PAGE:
Retailers have been innovative during the pandemic to meet customers’ needs and the accelerated digital transformation required by buy-online-pickup-in-stores (BOPIS), touchless purchases, curbside pickups, and supply chain inventory issues. Moving forward, workforce upskilling and labor shortages are the top concerns for retailers.
“The pandemic exposed a shortage of digital skills in retailing,” according to a Wall Street Journal article. Workers who were laid off due to restrictions in capacity are rehired, but the jobs they have returned to have changed.
- Choice Market has to retrain some employees to do product data entry instead of cashiering. Their retraining includes creating detailed drawings of the store layout on the computer to track product locations and inventories.
- Verizon Communications plans to train its returning employees’ new skills related to 5G technology.
- Walmart announced giving smartphones to its 740,000 frontline workers to manage their own time schedule, and to provide on-the-spot customer service to shoppers with data on sales, inventory and pricing.
In terms of labor shortage, 90% of local chambers reported businesses facing this challenge according to the US Chamber. Retailers, the third-largest employer in our state, and the food industry are facing such an acute shortage that would make full reopening impossible by June 30. A Seattle Times article and KOMO news reported acute labor shortage statewide and that 46% of employers lack qualified applicants.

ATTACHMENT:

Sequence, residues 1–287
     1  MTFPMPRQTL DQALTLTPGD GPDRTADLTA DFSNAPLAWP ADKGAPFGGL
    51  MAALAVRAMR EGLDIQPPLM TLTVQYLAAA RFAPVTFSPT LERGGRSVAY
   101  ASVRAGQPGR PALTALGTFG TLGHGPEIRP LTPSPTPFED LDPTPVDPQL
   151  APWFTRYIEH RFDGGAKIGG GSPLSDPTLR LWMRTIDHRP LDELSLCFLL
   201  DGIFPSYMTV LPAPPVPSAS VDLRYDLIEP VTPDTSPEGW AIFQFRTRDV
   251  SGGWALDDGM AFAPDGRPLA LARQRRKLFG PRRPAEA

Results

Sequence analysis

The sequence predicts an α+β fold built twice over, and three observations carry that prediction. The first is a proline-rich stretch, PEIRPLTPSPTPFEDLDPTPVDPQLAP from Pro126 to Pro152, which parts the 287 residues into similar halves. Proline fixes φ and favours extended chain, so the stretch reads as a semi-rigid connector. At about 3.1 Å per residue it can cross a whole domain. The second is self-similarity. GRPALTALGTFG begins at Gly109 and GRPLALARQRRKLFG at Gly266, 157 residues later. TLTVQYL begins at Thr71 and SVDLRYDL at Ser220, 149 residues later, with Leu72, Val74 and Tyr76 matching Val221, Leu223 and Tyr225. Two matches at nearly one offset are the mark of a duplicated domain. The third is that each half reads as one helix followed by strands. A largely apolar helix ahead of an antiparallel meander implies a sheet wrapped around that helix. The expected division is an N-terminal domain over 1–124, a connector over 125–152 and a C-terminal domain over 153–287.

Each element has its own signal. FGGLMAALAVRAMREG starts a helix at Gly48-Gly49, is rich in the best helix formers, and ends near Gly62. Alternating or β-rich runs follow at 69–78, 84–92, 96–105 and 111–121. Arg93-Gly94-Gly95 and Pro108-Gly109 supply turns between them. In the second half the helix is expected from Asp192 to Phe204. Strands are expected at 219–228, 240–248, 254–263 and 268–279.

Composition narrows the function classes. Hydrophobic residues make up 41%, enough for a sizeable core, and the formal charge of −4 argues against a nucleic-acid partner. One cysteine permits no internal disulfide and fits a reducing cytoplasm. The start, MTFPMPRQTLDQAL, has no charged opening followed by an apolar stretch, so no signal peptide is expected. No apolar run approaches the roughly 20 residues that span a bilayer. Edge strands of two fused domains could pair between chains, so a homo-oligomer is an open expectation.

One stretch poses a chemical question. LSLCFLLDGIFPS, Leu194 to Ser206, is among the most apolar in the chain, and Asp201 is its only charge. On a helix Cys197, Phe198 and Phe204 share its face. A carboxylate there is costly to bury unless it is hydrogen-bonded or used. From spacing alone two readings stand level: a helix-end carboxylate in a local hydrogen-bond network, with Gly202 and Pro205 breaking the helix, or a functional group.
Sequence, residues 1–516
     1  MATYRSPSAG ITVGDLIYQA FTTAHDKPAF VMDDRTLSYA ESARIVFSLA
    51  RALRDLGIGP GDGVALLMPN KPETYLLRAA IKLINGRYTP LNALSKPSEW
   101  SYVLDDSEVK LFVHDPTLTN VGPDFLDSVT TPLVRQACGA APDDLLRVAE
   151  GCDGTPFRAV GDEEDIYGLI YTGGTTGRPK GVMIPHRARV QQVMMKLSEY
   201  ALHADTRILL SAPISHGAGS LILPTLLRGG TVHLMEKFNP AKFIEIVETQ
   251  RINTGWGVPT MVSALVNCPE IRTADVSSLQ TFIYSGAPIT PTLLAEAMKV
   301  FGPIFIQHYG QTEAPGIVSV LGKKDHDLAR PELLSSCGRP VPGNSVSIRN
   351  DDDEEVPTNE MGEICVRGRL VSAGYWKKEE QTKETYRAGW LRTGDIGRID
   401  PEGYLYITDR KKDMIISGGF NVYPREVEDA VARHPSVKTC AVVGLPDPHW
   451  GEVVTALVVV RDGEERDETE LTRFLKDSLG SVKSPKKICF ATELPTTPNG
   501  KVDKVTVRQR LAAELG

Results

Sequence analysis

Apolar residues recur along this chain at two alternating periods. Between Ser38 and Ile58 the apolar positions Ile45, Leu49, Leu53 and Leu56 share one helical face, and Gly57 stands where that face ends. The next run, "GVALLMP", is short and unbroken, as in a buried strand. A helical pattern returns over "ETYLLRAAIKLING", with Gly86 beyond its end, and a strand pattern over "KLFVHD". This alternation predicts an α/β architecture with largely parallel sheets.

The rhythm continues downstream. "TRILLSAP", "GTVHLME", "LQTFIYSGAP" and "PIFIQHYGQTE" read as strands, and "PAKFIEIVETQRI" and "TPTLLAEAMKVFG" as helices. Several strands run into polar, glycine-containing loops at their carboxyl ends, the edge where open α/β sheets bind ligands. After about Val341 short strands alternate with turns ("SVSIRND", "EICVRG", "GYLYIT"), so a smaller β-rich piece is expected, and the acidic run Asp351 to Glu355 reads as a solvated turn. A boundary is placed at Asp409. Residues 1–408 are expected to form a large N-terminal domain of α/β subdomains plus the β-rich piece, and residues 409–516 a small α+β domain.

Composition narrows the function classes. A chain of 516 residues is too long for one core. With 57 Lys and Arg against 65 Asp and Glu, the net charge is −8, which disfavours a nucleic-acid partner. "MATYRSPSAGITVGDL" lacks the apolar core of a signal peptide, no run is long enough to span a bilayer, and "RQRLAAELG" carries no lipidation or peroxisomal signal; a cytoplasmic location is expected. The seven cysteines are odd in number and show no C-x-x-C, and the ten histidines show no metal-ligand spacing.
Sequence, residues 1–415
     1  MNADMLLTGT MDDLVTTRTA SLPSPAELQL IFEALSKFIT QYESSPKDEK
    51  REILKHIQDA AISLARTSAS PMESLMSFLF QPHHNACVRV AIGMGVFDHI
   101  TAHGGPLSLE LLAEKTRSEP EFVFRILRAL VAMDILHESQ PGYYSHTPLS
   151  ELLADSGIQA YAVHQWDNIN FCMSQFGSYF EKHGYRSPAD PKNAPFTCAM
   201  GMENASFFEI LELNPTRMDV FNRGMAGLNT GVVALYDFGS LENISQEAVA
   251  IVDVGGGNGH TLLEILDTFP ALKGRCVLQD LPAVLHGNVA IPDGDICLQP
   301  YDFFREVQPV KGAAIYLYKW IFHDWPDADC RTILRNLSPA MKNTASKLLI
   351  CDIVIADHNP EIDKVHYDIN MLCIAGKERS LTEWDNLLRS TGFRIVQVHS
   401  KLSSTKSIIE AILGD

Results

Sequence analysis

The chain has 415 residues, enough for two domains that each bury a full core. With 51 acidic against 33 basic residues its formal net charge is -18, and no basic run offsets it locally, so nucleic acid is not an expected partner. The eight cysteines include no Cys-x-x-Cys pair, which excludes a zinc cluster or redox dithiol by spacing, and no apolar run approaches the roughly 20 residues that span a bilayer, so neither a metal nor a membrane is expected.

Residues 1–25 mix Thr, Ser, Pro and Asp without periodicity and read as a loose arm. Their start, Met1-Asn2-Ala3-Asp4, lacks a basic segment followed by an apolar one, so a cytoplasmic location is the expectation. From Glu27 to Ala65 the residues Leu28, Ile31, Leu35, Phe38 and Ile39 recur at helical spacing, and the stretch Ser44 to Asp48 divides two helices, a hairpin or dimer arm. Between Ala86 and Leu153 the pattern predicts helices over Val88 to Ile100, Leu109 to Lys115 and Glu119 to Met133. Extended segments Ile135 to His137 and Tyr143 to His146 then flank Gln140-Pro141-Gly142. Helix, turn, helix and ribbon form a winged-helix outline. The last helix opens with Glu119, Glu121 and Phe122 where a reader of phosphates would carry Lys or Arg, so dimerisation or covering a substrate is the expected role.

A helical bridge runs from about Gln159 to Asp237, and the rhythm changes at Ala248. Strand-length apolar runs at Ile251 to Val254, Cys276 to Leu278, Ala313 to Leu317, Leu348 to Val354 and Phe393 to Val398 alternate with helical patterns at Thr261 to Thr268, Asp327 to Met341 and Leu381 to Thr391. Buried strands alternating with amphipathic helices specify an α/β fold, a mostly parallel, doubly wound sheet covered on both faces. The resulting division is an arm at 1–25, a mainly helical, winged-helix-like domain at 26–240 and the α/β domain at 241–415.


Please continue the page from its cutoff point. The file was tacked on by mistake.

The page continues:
Possible reasons for the labor shortage problem include childcare access, workers moved to alternative industries, the additional $300/benefit per week unemployment benefit, and possibly more.
To date, 25 states are scheduled to end supplemental unemployment benefits from the federal government to help businesses struggling to hire employees. Both Vermont and Massachusetts which are not one of the 25 states are restating work search requirements for unemployment benefit recipients. Employment data in these states in the next couple of months will inform whether these measures are effective in reversing the labor shortage concern.
With workforce as the primary concern for retailers and a focus under Washington Retail’s JEDI Initiative launched in 2020, we are looking forward to continuing to share resources and developing partnerships with stakeholders to advance opportunities for retail workers in the near future. Stay tuned!